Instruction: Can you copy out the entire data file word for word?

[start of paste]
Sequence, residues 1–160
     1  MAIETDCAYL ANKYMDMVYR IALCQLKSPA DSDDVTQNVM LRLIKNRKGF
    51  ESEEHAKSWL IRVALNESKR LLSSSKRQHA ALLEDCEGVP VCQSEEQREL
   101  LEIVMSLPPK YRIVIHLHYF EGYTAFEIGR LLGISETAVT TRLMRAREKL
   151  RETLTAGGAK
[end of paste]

Sequence, residues 1–160
     1  MAIETDCAYL ANKYMDMVYR IALCQLKSPA DSDDVTQNVM LRLIKNRKGF
    51  ESEEHAKSWL IRVALNESKR LLSSSKRQHA ALLEDCEGVP VCQSEEQREL
   101  LEIVMSLPPK YRIVIHLHYF EGYTAFEIGR LLGISETAVT TRLMRAREKL
   151  RETLTAGGAK